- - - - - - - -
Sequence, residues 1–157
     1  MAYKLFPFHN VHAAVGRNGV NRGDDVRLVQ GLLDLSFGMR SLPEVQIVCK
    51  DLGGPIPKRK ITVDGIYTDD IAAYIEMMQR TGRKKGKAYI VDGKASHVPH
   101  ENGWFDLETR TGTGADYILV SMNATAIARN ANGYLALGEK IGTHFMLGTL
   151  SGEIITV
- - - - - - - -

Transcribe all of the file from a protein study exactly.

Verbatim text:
Sequence, residues 1–157
     1  MAYKLFPFHN VHAAVGRNGV NRGDDVRLVQ GLLDLSFGMR SLPEVQIVCK
    51  DLGGPIPKRK ITVDGIYTDD IAAYIEMMQR TGRKKGKAYI VDGKASHVPH
   101  ENGWFDLETR TGTGADYILV SMNATAIARN ANGYLALGEK IGTHFMLGTL
   151  SGEIITV